We first make a new dataframe with the route lengths and the airline ids. We split
route_length_df into groups based on the
airline_id, essentially making one dataframe per airline. We then use the pandas
aggregate function to take the mean of the
length column in each airline dataframe, and recombine each result into a new dataframe. We then sort the dataframe so that the airlines with the most routes come first.
We can then plot this out with matplotlib:
plt.bar method plots each airline against the average route length each airline flies(
The problem with the plot above is that we can’t easily see which airline has what route length. In order to do this, we’ll need to be able to see the axis labels. This is a bit tough since there are so many airlines. One way to make this easier to work with is to make the plot interactive, which will allow us to zoom in and out to see the labels. We can use the bokeh library for this – it makes it simple to make interactive, zoomable plots.
To use bokeh, we’ll need to preprocess our data first:
The code above will get the names for each row in
airline_route_lengths, and add in the
name column, which contains the name of each airline. We also add in the
id column so we can do this lookup (the apply function doesn’t pass in an index).
Finally, we reset the index column to have all unique values. Bokeh doesn’t work properly without this.
Now, we can move on to the charting piece:
output_notebook to setup bokeh to show a plot in an ipython notebook. Then, we make a bar plot, using our dataframe and certain columns. Finally, the
show function shows the plot.
With this plot, we can zoom in and see which airlines fly the longest routes. The image above makes the labels looked crunched together, but they are much easier to see as you zoom in.
Horizontal bar charts
Pygal is a python data analysis library that makes attractive charts quickly. We can use it to make a breakdown of routes by length. We’ll first divide our routes into short, medium, and long, and calculate the percentage of each in our
We can then plot each one as a bar in a pygal horizontal bar chart:
Above, we first create an empty chart. Then, we add elements, including a title and bars. Each bar is passed a percentage value (out of
100) showing how common that type of route is.
Finally, we render the chart to a file, and use IPython’s SVG display capabilities to load and show the file. This plot looks quite a bit nicer than the default matplotlib charts, but we did need to write more code to create it. Pygal may be good for small presentation-quality graphics.
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Scatter plots enable us to compare columns of data. We can make a simple scatter plot to compare airline id number to length of airline names:
First we calculate the length of each name by using the pandas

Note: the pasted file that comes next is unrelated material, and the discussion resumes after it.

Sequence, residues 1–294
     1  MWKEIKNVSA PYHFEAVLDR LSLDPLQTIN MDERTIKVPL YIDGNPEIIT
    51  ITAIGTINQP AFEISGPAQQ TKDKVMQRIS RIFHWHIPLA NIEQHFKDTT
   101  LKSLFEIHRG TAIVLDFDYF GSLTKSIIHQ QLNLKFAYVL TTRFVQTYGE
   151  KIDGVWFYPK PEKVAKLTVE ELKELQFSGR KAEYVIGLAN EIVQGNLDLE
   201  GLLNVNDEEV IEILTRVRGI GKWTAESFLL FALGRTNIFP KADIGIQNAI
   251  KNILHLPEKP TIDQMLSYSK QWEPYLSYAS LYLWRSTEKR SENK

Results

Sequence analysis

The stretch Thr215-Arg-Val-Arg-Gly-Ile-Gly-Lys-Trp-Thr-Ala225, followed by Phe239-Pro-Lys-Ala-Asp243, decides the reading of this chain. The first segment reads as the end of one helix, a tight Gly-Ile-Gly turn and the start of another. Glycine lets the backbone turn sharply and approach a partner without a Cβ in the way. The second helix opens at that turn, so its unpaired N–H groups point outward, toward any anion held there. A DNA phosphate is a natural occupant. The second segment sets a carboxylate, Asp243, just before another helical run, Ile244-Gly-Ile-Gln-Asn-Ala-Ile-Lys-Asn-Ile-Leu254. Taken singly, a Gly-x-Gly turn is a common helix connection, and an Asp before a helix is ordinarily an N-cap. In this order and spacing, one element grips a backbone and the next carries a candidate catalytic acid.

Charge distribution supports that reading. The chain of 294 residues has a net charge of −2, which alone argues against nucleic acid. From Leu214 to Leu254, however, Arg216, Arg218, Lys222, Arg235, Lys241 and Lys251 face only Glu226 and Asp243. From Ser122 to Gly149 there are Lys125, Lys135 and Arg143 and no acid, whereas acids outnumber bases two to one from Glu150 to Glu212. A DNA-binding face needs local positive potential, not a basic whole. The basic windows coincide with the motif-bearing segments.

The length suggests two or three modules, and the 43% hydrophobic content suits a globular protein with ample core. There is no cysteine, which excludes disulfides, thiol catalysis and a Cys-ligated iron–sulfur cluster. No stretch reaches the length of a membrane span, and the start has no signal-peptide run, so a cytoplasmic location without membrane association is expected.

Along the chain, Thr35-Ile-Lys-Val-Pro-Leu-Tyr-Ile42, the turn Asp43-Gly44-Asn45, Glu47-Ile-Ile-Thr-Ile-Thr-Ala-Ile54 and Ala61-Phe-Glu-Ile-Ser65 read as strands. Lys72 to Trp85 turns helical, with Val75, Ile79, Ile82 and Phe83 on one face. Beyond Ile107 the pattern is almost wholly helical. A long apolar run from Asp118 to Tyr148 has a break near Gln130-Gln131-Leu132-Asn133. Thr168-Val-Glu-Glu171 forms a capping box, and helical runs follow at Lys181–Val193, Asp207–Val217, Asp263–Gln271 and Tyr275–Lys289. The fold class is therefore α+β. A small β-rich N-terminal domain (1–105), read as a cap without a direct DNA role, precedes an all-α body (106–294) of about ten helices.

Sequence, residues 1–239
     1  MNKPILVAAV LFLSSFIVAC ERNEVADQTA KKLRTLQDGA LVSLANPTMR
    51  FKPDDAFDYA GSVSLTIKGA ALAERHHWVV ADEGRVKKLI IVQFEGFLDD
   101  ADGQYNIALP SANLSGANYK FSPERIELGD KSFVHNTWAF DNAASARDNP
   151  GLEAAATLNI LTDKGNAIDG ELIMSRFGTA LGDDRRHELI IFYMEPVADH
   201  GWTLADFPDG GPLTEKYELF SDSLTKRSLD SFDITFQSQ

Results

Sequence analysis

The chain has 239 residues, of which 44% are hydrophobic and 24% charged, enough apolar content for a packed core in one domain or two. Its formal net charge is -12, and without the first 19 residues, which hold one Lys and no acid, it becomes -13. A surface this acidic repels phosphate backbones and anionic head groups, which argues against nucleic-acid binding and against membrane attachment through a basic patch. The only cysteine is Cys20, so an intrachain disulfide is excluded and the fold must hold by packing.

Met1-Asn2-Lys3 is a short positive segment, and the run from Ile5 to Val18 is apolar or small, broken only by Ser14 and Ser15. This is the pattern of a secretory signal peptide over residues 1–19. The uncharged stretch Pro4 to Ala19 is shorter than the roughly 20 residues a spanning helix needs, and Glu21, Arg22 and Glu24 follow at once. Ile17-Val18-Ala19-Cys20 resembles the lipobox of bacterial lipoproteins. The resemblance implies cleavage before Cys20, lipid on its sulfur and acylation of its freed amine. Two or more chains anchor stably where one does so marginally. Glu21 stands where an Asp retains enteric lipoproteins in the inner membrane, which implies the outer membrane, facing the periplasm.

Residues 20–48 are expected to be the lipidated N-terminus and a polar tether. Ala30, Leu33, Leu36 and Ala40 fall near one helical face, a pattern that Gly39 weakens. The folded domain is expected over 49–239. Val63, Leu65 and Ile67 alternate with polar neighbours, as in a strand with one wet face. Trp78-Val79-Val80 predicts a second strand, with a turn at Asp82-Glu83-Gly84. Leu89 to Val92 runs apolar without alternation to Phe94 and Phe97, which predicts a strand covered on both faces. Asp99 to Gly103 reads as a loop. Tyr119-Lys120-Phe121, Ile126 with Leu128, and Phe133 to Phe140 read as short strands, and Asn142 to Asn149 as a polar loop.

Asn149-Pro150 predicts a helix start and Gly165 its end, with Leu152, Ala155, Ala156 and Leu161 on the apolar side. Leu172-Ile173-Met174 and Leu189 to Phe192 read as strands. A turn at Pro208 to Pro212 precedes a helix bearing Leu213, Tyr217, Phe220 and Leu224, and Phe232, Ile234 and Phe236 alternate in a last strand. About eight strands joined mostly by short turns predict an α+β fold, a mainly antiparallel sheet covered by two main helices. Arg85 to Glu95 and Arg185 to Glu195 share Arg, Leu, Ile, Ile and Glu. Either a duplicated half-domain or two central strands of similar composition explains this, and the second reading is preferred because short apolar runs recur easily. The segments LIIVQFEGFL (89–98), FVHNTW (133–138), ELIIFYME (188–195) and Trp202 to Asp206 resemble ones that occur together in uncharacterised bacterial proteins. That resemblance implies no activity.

apply method. This will find the number of characters long each airline name is.
We then make a scatter plot comparing the airline ids to the name lengths using matplotlib. When we plot, we convert the
id column of
airlines to an integer type. If we don’t do this, the plot won’t work, as it needs numeric values on the x-axis. We can see that quite a few of the longer names appear in the earlier ids. This may mean that airlines founded earlier tend to have longer names.
We can verify this hunch using seaborn. Seaborn has an augmented version of a scatterplot, a joint plot, that shows how correlated the two variables are, as well as the individual distributions of each.
The above plot shows that there isn’t any real correlation between the two variables – the r squared value is low.
Our data is inherently a good fit for mapping – we have latitude and longitude pairs for airports, and for source and destination airports.
The first map we can make is one that shows all the airports all over the world. We can do this with the basemap extension to matplotlib. This enables drawing world maps and adding points, and is very customizable.
In the above code, we first draw a map of the world, using a mercator projection. A mercator projection is a way to project the whole plot of the world onto a 2-d surface. Then, we draw the airports on top of the map, using red dots.
The problem with the above map is that it’s hard to see where each airport is – they just kind of merge into a red blob in areas with high airport density.
Just like with bokeh, there’s an interactive mapping library, folium, we can use to zoom into the map and help us find individual airports.
Folium uses leaflet.js to make a fully interactive map. You can click on each airport to see the name in the popup. A screenshot is shown above, but the actual map is much more impressive. Folium also lets you modify options pretty extensively to make nicer markers, or add more things to the map.
Drawing great circles
It would be pretty cool to see all the air routes on a map. Luckily, we can use basemap to do this. We’ll draw great circles connecting source and destination airports. Each circle will show the route of a single airliner. Unfortunately, there are so many routes that showing them all would be a mess. Instead, we’ll show the first
The above code will draw a map, then draw the routes on top of it. We add in some filters to prevent overly long routes from obscuring the others.
Drawing network diagrams
The final exploration we’ll do is drawing a network diagram of airports. Each airport will be a node in the network, and we’ll draw edges between nodes if there’s a route between the airports. If there are multiple routes, we’ll add to the edge weight, to show that the airports are more connected. We’ll use the networkx library to do this.
First, we’ll need to compute the edge weights between airports.
Once the above code finishes running, the weights dictionary contains every edge between two airports that has a weight higher than 2. So any airports that are connected by 2 or more routes will appear.
Now, we need to draw the graph.
There has been a proliferation of Python libraries for data visualization, and it’s possible to make almost any kind of visualization. Most libraries build on matplotlib and make certain use cases simpler. If you want to learn in more depth how to visualize data using matplotlib, seaborn, and other tools, check out our interactive course here.